Kids, one day your dog is going to die. It’s nice to have a fantasy like Frankenweenie but the fact is one day you’re going to have to face mortality, and it may be while you’re still a child. Boy, it’s nice to have Tim Burton back.
In the town of New Holland, Victor Frankenstein (Charlie Tahan) is a science geek whose best friend is his dog Sparky. Victor learns about electricity from his teacher Mr. Rzykruski (Martin Landau), so when Sparky gets hit by a car, Victor brings him back Frankenstein style.
The screenplay by John August is a brilliant elaboration on Burton’s original short, and so captures the vibe of early Burton movies that it’s like Burton found his soul mate. Of course you can tell where Burton’s allegiances lie in his portrayal of each character.
Victor as the social outcast is clearly the superior character. Adults are not to be trusted. Victor’s misguided father (Martin Short) is actually the cause of Sparky’s death. Forcing his son to play baseball to fit in, Victor hits a fly ball that Sparky chases into the street. And dad never even apologizes. When he’s consoling his son he never thinks to say, “Yeah, maybe it’s okay if you don’t play baseball. Just do your own thing.”
Frankenweenie has a beautiful sense of bittersweet fantasy. Victor gets Sparky back but only to have to protect him from all the persecutors who either fear or want to exploit a re-animated dog. His school friend Edgar (a brilliant Atticus Shaffer) corrupts the experiment in a subplot that expands the Frankenstein themes beautifully. Adults of course fear Sparky.
The fascist parents of New Holland want to outlaw science. With science as the niche in which Victor excels, let alone the instrument of his reunion with Sparky, the heroes have to fight just to practice natural studies. Just like it was a fight for Burton to play with his monsters with everyone pressuring him to do something more “normal,” I’m assuming. It just oozes personal metaphor. Mr. Rzykruski gives a fantastic speech to the parents that I’m sure some audience members need to hear. At least it can empower their children.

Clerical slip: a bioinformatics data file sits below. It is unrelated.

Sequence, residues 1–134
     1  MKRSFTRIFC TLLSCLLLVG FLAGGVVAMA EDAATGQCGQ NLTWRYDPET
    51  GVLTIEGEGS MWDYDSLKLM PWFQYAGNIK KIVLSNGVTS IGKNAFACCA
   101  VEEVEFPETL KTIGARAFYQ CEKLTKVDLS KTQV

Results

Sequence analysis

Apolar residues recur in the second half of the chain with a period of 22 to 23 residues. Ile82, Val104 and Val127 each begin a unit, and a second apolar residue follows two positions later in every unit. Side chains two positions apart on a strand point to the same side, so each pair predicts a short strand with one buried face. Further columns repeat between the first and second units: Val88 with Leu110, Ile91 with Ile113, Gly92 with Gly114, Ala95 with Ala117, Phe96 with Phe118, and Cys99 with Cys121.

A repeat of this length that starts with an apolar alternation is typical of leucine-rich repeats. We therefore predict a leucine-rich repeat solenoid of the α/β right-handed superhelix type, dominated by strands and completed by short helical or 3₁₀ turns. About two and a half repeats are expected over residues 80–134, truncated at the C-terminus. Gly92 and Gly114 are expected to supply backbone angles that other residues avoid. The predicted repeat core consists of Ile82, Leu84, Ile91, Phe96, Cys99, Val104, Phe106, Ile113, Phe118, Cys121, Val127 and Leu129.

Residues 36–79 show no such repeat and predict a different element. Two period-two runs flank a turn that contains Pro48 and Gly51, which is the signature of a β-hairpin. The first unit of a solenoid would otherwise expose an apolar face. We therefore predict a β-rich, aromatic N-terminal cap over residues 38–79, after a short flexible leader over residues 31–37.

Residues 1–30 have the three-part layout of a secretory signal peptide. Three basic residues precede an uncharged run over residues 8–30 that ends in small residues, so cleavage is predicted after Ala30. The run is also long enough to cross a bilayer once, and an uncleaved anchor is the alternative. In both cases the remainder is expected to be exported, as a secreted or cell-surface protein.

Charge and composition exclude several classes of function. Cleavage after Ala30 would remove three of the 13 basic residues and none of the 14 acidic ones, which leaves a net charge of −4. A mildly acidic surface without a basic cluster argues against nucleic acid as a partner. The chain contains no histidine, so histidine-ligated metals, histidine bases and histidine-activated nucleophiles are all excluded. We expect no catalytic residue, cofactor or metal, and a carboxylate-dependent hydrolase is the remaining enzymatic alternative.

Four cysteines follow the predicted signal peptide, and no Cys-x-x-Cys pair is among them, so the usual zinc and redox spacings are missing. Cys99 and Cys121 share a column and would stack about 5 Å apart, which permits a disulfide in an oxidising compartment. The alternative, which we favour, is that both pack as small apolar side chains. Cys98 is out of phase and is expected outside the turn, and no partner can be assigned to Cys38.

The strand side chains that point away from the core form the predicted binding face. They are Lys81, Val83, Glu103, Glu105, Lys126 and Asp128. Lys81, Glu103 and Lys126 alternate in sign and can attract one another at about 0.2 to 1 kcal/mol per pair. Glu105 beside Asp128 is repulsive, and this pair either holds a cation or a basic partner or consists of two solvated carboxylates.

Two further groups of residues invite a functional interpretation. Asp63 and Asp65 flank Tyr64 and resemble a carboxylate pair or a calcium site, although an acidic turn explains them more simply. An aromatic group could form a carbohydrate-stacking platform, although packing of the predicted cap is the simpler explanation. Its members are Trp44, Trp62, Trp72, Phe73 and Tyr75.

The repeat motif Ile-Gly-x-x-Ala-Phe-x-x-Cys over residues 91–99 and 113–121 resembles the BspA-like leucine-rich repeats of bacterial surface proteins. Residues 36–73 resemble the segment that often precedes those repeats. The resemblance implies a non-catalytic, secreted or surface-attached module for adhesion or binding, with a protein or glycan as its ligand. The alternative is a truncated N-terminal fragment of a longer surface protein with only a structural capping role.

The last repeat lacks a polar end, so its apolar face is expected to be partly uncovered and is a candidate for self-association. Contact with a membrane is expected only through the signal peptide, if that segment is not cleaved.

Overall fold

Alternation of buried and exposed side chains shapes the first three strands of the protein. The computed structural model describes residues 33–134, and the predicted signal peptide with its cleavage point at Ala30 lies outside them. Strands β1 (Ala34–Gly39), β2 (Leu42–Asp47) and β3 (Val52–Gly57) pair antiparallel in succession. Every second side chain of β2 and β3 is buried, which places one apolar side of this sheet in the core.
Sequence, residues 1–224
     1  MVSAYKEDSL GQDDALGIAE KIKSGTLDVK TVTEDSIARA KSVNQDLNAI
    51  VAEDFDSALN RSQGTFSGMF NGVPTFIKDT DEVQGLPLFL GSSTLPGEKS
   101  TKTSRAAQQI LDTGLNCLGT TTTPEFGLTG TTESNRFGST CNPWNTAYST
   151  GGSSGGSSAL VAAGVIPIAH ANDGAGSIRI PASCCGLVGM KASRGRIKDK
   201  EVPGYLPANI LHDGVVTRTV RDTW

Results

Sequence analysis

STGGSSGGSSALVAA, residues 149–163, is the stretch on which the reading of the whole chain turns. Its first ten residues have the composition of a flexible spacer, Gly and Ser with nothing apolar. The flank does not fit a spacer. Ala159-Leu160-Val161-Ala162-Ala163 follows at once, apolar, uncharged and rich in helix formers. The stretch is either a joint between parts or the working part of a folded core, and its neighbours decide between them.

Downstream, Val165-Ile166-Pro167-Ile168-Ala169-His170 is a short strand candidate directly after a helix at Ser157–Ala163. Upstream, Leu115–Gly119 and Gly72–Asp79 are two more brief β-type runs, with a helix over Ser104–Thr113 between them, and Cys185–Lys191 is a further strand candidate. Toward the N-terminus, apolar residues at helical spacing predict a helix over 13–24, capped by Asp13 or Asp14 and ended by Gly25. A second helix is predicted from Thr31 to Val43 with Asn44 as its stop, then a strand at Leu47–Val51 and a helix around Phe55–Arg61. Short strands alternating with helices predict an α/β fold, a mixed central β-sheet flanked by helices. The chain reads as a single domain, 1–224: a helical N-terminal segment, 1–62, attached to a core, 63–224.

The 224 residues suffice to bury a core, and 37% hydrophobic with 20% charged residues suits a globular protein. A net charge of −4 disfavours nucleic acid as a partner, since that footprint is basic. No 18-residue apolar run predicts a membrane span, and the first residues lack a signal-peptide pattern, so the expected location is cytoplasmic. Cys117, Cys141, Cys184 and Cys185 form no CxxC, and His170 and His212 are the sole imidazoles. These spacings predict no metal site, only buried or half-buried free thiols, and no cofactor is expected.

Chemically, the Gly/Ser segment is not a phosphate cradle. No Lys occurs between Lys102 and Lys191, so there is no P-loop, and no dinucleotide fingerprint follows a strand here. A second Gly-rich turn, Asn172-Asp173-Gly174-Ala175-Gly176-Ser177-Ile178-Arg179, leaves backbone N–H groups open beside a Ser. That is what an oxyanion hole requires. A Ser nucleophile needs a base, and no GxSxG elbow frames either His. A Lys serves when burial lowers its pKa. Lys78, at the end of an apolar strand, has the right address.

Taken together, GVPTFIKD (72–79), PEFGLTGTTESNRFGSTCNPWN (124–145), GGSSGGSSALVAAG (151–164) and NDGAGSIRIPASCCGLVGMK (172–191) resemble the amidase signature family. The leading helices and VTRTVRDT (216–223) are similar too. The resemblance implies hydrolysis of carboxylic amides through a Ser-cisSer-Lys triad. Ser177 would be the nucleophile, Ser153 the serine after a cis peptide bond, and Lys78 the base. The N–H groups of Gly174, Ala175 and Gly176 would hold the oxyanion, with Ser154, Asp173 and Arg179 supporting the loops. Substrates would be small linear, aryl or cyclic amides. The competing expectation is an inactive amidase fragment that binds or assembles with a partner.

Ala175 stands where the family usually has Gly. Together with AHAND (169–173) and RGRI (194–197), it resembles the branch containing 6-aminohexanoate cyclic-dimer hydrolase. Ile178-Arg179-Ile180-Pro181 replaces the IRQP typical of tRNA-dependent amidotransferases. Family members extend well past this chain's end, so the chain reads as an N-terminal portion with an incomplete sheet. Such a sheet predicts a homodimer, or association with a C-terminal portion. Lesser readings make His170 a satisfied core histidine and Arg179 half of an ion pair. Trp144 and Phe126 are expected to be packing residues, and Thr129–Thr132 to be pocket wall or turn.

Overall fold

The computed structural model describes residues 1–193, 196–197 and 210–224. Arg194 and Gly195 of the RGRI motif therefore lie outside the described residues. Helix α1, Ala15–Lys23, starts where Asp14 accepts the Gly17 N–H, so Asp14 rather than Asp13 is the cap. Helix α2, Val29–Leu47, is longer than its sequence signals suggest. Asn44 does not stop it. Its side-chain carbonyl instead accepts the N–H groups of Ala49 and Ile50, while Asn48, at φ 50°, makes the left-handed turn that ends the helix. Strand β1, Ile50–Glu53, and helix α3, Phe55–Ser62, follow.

Also this is a funny movie. There are plenty of puns in the characters names (hello, Edgar?) and in the backgrounds. Be sure to check out the tombstones in the pet cemetery. The animation is full of slapstick and sight gags, and the climax of the film is pure joy for monster lovers.
The stop motion animation itself is expert storytelling. So much of the film unfolds wordlessly, or with animals, just using the movement to show the story. The re-animation sequence has a stunning dramatic build, and sometimes you can actually see the changes from frame to frame on a close-up of the wide eyed Mr. Whiskers. They even pull off a zolly shot in stop motion.
The science of Frankenweenie is a bit inconsistent. The idea that Sparky needs to be recharged never really comes up again, and don’t ask me why future experiments turn out the way they do. It’s really not about the science though. It’s about the themes each animal and each experiment represents. I’d rather have a movie filled with themes than rules.
Frankenweenie is such a beautiful movie. It’s beautiful to watch in animation, it’s a beautiful story and it serves up profound themes in a family friendly way. Actually, it will be quite threatening to some grown-ups, but those are the best kinds of kids movies.